Herman Miller wrote,

>I think that would be useful, especially for newcomers like me. There

must

>be many different ways to classify scales, though. On the one hand, for

>instance, we could divide scales into equal and non-equal, but then the

>similarity between 31-tet and quarter-comma meantone would be obscured.

Agreed!

>There seem to be four general categories that include most of the equal

>divisions of the octave. Each of the meantone scales can be divided

into

>five whole steps and two half steps, which can be arranged in a

diatonic

>scale. Another category (which includes 15-tet and 22-tet) has diatonic

>scales with 3 large whole steps and 2 small whole steps instead of 5

whole

>steps of the same size.

The relative positions of the large whole steps and small whole steps

depend on which triads you want consonant and which you are willing to

give up. Only in the meantone tunings can a diatonic scale have six

consonant triads. Also, the unequal whole steps of 15 and 22 sound poor

when used in succession melodically.

>The remaining scales either have relatively small

>fifths (such as 16-tet and multiples of 7-tet) or relatively large

fifths

>(such as 18-tet and multiples of 5-tet).

>group I (meantone): 12, 19, 24, 26, 31, 36, 38, 43, 45, 50, ...

>group II: 15, 22, 27, 29, 34, 39, 41, 46, 48, 53, ...

>group III: 7, 9, 11, 14, 16, 21, 23, 28, 33, 35, 40, 47, 52, ...

>group IV: 5, 6, 8, 10, 13, 17, 18, 20, 25, 30, 32, 37, 42, 44, 49, 51,

...

>(although 17-tet seems to me more similar to the first two groups than

to

>any of the other scales in the last group).

There are many criteria for classifying equal-tempered scales, such as

the consistency limits which I have discussed before and the diameter

measures proposed by Paul Hahn. Putting those aside, Miller's system is

good; I would prefer instead a more hierarchical classification. I stop

at 34-tET because beyond that the distinctions begin to blur (e.g., one

can use two different sizes of fifth to construct pentatonic scales in

35-tET). First, I would isolate the scales with fifths worse than those

of 5-tet (which I think are just usable with most timbres):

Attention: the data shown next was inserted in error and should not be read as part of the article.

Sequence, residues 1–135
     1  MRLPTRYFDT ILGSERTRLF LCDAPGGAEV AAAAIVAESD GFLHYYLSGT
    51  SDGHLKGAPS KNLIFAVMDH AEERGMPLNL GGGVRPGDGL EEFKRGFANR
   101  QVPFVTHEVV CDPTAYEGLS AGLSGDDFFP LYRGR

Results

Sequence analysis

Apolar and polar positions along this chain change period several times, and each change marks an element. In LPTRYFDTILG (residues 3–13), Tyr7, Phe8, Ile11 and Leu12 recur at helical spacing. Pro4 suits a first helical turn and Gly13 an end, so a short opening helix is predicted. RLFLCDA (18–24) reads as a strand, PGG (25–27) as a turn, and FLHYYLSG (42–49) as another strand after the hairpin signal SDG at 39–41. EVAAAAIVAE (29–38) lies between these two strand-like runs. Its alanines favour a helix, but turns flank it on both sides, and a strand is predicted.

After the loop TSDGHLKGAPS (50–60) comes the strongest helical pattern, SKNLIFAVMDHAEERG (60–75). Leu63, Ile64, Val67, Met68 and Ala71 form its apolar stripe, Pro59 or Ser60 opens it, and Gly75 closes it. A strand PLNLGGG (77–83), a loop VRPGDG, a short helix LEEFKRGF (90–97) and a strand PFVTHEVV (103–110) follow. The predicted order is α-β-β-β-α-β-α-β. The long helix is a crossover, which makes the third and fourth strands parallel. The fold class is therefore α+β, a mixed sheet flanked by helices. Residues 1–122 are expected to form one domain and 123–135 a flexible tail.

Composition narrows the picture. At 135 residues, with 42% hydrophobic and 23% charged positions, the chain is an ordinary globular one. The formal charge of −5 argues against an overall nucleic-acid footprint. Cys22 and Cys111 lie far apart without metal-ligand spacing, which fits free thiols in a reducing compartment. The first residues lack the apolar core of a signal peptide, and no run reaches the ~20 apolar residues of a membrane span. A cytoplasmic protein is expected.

group I: 1, 2, 3, 4, 6, 8, 9, 11, 13, 16, 18, 23

Group II would have all other ETs within it; they all have acceptable

pentatonic scales, although the multiples of 5 have equipentatonic

scales which are quite special due to their symmetry (and consequent

propensity for atonality):

group IIA: 5, 10, 15, 20, 25, 30

Within that group the only multiples of 15 have good triads and contain

symmetrical 6-tone and 10-tone scales rich in those triads:

group IIA1: 5, 10, 20, 25

group IIA2: 15, 30

Now all other ETs have good pentatonic scales of two step sizes:

group IIB: 7, 12, 14, 17, 19, 21, 24, 26, 27, 28, 29, 31, 32, 33, 34

Of these, the multiples of 7 have equiheptatonic scales:

group IIB1: 7, 14, 21, 28

of which only 28 has consonant triads and symmetrical octatonic scales

rich in those triads:

group IIB1a: 7, 14, 21

group IIB1b: 28

The rest have heptatonic scales (defined Pythagoreically) with two step

sizes:

group IIB2: 12, 17, 19, 22, 24, 26, 27, 29, 31, 32, 33

which can be subdivided into those where the "Pythagorean" heptatonic

scales do not have consonant triads:

group IIB2a: 17, 22, 27, 29, 32, 33

and those where they do:

group IIB2b: 12, 19, 24, 26, 31 (this is Miller's meantone group again

-- I hesitate in calling 24 meantone, though; perhaps "double meantone"

is more appropriate for 24.)

One can divide group IIB2a into ETs without good 5-limit triads:

group IIB2a(1): 17, 32, 33

and those with good triads:

group IIB2a(2): 22, 27, 29

While all three in this group have passable 7-limit tetrads, only 22 has

10-note scales with two step sizes rich in consonant 7-limit tetrads:

group IIB2a(2)(a): 27, 29

group IIB2a(2)(b): 22

Once can divide group IIB2b into ETs without consonant 7-limit tetrads:

group IIB2b(1): 12, 19, 24

and those with good tetrads:

group IIB2b(2): 26, 31

In this group only 26 had 14-note scales with two step sizes rich in

consonant 7-limit tetrads:

group IIB2b(2)(a): 31

group IIB2b(2)(b): 26

That completes the classification of ETs under 35. While most other

scales have analogues within those ETs, some do not, such as Keenan's

scale, or 17-limit JI, or non-octave scales.